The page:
EPA Offers Tips to Protect Eyes, Skin from the Sun’s Harmful Rays
Download sun safety information on smartphones
By Enesta Jones
The U.S. Environmental Protection Agency (EPA) is providing tips and tools to people of all ages that will protect them from the sun’s harmful rays. Overexposure to the sun can cause skin cancer and eye damage during any time of the year, regardless of skin color.
EPA launched an application for smartphones that gives users mobile access to the daily UV index forecast in their area. This application provides Americans with a new way to check the sun’s intensity and plan outdoor activities accordingly. The app provides users with a numeric index ranging from 0 to 11+ (higher numbers indicate greater amounts of skin-damaging UV radiation), and tips to protect the skin and eyes.
In addition to this new app, EPA has issued “Health Effects of Ultraviolet Radiation,” a fact sheet intended for older adults and their caregivers. The fact sheet describes how UV radiation plays a role in the development of age-related macular degeneration and skin cancer.
Skin cancer is the most common form of cancer in the United States. More people were diagnosed with skin cancer in 2009 than with breast, prostate, lung, and colon cancer combined. One American dies every hour from skin cancer. Overexposure to UV radiation may suppress proper functioning of the body’s immune system and skin’s natural defenses. All people, regardless of skin color, are vulnerable to the effects of UV radiation.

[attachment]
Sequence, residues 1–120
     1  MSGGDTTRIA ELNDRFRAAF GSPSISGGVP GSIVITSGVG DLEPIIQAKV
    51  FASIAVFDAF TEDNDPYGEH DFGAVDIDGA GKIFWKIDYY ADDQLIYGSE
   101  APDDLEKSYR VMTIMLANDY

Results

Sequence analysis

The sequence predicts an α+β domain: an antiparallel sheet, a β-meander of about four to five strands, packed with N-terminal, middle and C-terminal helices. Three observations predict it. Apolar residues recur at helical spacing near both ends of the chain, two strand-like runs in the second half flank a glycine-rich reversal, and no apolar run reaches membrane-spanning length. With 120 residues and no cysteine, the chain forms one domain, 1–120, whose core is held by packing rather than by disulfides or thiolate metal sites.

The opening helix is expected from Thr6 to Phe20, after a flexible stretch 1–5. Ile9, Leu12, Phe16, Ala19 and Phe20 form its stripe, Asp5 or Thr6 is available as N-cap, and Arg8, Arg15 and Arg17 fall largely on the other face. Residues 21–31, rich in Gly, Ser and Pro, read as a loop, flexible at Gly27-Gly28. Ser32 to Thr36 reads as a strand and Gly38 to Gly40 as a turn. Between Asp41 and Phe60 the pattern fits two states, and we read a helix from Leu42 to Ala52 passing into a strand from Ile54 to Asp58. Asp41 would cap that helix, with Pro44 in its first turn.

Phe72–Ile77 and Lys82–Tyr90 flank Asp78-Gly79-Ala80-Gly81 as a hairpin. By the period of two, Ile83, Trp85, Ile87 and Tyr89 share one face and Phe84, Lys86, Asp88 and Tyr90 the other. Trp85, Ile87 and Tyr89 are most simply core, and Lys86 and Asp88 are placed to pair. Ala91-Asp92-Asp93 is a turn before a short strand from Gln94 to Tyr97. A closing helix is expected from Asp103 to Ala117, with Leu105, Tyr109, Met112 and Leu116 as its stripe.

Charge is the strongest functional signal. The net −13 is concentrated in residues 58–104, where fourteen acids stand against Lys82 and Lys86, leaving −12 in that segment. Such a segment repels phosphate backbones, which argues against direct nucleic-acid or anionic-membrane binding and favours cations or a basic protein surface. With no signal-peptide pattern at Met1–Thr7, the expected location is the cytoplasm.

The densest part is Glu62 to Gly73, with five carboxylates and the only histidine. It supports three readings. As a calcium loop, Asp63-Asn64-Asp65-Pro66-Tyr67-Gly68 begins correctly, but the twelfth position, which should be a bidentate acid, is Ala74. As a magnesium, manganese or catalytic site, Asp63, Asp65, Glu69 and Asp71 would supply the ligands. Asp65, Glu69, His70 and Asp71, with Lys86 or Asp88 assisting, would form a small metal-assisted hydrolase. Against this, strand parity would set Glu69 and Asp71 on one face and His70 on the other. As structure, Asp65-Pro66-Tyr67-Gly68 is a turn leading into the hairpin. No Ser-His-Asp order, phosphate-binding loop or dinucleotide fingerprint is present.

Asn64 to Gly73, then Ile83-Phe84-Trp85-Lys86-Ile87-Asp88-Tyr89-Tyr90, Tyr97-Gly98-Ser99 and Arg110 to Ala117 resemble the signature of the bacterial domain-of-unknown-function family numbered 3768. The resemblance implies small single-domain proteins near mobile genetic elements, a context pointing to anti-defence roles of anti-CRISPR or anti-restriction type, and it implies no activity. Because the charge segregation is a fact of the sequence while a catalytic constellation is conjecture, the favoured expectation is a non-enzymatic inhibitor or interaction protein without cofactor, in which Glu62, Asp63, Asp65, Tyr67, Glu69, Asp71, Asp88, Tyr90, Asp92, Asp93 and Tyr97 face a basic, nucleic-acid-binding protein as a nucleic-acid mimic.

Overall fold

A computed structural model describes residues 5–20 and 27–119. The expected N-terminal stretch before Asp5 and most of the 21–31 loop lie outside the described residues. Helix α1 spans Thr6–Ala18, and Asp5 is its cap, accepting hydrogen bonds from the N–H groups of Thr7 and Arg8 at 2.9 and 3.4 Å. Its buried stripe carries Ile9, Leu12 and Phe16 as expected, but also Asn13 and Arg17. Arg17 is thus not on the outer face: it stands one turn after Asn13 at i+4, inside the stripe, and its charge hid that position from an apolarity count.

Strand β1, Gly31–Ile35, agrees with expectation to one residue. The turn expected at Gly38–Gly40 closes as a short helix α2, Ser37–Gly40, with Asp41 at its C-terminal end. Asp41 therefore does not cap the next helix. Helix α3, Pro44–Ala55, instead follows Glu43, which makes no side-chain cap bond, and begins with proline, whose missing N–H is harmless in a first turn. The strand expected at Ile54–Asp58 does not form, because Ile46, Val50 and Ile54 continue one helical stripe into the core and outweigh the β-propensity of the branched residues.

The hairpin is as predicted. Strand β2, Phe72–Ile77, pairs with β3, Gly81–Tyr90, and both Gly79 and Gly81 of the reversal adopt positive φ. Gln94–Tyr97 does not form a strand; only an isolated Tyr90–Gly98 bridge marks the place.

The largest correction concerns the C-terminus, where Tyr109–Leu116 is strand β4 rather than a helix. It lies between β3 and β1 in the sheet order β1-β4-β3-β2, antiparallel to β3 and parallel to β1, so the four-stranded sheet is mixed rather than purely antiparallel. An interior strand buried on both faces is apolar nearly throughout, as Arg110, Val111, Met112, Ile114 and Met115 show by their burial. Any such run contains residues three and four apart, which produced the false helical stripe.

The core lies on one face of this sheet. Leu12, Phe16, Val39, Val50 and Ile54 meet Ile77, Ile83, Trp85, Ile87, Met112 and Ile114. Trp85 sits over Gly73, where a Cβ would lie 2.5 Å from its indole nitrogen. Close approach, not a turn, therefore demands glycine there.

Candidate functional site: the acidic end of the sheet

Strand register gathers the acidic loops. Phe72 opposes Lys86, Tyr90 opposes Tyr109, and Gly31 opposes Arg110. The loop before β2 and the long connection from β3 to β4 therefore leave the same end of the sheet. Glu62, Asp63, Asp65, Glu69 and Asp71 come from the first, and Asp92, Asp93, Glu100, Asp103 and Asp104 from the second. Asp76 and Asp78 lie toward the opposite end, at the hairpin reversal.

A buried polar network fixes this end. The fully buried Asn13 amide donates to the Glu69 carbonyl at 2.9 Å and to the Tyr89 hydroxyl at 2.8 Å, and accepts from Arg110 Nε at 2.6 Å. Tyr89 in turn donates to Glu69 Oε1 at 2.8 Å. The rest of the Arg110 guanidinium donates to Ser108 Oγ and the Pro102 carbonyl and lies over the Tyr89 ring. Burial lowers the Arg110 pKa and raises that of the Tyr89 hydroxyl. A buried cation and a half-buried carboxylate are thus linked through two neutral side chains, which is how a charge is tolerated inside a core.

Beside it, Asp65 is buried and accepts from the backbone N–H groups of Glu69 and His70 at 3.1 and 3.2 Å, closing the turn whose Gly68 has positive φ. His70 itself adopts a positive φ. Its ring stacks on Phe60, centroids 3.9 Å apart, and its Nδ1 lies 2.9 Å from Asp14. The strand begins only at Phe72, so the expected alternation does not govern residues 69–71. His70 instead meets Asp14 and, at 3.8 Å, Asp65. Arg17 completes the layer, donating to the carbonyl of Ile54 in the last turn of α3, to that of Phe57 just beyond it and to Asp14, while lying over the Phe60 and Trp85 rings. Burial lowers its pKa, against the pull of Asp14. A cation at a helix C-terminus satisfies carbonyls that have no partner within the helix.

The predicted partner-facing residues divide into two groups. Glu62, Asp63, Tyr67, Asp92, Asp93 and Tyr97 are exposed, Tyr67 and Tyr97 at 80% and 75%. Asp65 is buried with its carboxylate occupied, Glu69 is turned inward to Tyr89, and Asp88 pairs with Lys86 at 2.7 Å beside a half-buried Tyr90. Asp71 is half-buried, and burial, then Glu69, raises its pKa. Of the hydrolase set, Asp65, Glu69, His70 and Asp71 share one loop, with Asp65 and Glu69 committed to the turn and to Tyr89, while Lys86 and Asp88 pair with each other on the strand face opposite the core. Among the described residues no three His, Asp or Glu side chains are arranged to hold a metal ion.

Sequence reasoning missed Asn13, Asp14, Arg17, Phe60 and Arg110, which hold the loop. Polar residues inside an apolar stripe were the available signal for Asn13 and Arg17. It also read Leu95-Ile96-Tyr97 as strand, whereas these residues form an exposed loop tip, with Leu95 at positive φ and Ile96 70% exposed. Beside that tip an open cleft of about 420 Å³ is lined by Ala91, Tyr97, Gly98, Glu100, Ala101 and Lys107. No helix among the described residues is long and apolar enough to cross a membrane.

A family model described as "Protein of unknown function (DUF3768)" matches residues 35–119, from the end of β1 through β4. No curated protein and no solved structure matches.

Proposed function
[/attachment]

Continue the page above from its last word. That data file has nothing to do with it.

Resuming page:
Sun safety tips:
- Do not burn—overexposure to the sun is the most preventable risk factor for skin cancer
- Seek shade, especially between 10:00 a.m. and 4:00 p.m. when UV radiation is most intense
- Wear wide-brimmed hats, protective clothing, and sunglasses that block 99-100 percent of UV radiation
- Use sunscreen with a sun protection factor of at least 15 on all exposed skin
- Check the UV Index
- Avoid sun tanning and tanning beds
EPA’s SunWise program encourages sun safety and teaches children and their caregivers how to protect themselves from overexposure to the sun. The program is now in more than 25,000 schools and 4,500 camps, science and children’s museums, daycare centers, and other community-based organizations nationwide. SunWise schools and communities receive materials that encourage sun-safe infrastructures, including shade structures (e.g., canopies, trees) and policies (e.g., using hats, sunscreen, sunglasses) to promote sun protection.
EPA’s Aging Initiative focuses on protecting the environmental health of older Americans. By 2030, the number of older persons in the United States is expected to double to more than 70 million. As we age, our bodies may become more susceptible to environmental hazards because of the diminished capacity of various organ systems that occur in the natural aging process. In addition, the Aging Initiative encourages older people to volunteer in their communities to reduce hazards and protect the environment.
To download the UV Index smartphone app: www.epa.gov/enviro/mobile/
More information on the SunWise program: www.epa.gov/sunwise/
More information on EPA’s Aging Initiative and to download the fact sheet: www.epa.gov/aging/
About the Author
Enesta Jones is a Press Officer at U.S. Environmental Protection Agency.